Then my mom caused more trouble. I asked her what she wanted. She said nothing cuz she didn't want to get fat. I stared at her and said she had to order something. She said "something with fruit", which I was able to translate but wasn't very helpful, because the waitress just asked back "Was there anything downstairs you wanted that had fruit?" Finally we all realized we should do it the primitive way --- go downstairs and point at food. So my mom did, and all was well. She even enjoyed the fruit custard she ordered.

4. Department stores

Most of our purchases at department stores today were very simple. We took our merchandise to the counter, paid, and only had to answer two things: (1) no gift-wrapping; (2) yes you can charge the card once (I'm still not sure what this means and am asking my Japanese teacher about this, I think it means pay in full and not with interest).

By far the most interesting and most heartwarming encounter, was with the staff at Albion. Albion is a Japanese skincare/cosmetics brand. For years I've sworn by their famous toner but they don't sell in the US. Again, I did not know any cosmetics words like: toner, makeup, pressed powder, or powder foundation. As I stood by the counter, one of the staff approached. I first explained that I was a foreigner, then pointed to the picture of the toner and the powder foundation and said I wanted to buy the toner and try on some foundation. She understood and led me to sit down at the counter.

I don't know if she always spoke like that, but she spoke very slowly, clearly, and used mostly simple expressions as she tried on different foundation colors on my face. I was able to understand everything she said. The process of trying on makeup is universal, so we got that done very quickly. But then my mom also wanted to try on makeup. While she repeated the same procedure on my mom, she started chatting with me: she asked if I was a study abroad student in Japan, where I lived, etc. She even corrected my Japanese when I said 5 months and meant the month of May. It was by far the most pleasant speaking experience I've had so far, and this is why: she understood that, to compensate for my lack of proficiency, I was willing to make up words that resembled what I wanted to convey (I do this with English too), and she would verify it by repeating my request in correct Japanese and ask "Is this what you wanted?" It's a rare teacher-like ability that she possessed. Most of the other service people I encountered just tried to guess what I was saying and respond in their usual extreme formal Japanese; hence it was often difficult for me to understand whether they understood my question since I did not always fully comprehend their answer.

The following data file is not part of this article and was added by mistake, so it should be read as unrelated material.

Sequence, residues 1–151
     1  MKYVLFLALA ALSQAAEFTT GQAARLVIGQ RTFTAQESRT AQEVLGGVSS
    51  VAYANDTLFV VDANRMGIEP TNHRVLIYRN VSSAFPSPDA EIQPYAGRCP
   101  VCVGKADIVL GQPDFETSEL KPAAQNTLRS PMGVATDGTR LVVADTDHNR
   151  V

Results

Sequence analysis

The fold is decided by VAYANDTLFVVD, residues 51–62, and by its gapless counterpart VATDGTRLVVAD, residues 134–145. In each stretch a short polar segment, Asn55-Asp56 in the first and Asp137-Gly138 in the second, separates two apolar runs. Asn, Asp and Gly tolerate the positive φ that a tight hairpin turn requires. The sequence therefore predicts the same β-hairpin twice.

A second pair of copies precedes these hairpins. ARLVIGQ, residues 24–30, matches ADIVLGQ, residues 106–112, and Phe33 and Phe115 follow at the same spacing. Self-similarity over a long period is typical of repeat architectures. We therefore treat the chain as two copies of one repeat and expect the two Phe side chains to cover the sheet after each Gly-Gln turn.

I should also mention that on our first day in Osaka, we got into a parking lot but did not know how to pay for it. It had a machine but did not work like in the US where you put in the lot number and time you wanted to pay for. I walked into the convenience store next door, where three old Japanese grandmas were chatting. I asked the grandma at the counter how to use the parking lot. She answered frankly "I don't know, I've never used it!" (which makes a lot of sense) and walked outside to look at the instructions on the large board with me. Neither of us could make out what it was saying because the words were tiny and 10 feet above. She mumbled "I can't read this" and went to grab a young man from the store next door, who was able to clearly explain to me how it worked: you pay when you leave. There's a lever under the lot that rises when you pull the car in and prevents you from driving away without paying. I was extremely thankful for the grandma and young man's help. That was the first true Japanese conversation I had, and the fact that no one seemed offended by my poor Japanese (which often had mixed levels of politeness, haha) was encouraging.

I still wish I had known more Japanese, but knowing as much as I have now has already made this trip different from my last to Tokyo and Kyoto many years ago. Sure, I was still able to get around back then, but I stuck to extremely popular tourists spots that required only the ability to read Kanji on the subway map.

We went back to the hotel and did a little bit of exercise in the hotel room. My mom has actually gotten stronger since Ashley and I taught her how to do push ups and basic stretching in Seattle 2 years ago! She still can't do a single push up though :)

For light dinner, we went across the street to a chain curry restaurant. I ordered chicken curry with spinach. I ordered it at 3 star spiciness (max is 6) and it would've easily been a 5 or 6 star in the US, heh.

Here's to hoping better weather tomorrow for some sightseeing in Kobe!

← Day 2: Koyasan Day 4: Kobe, almost a sunny day →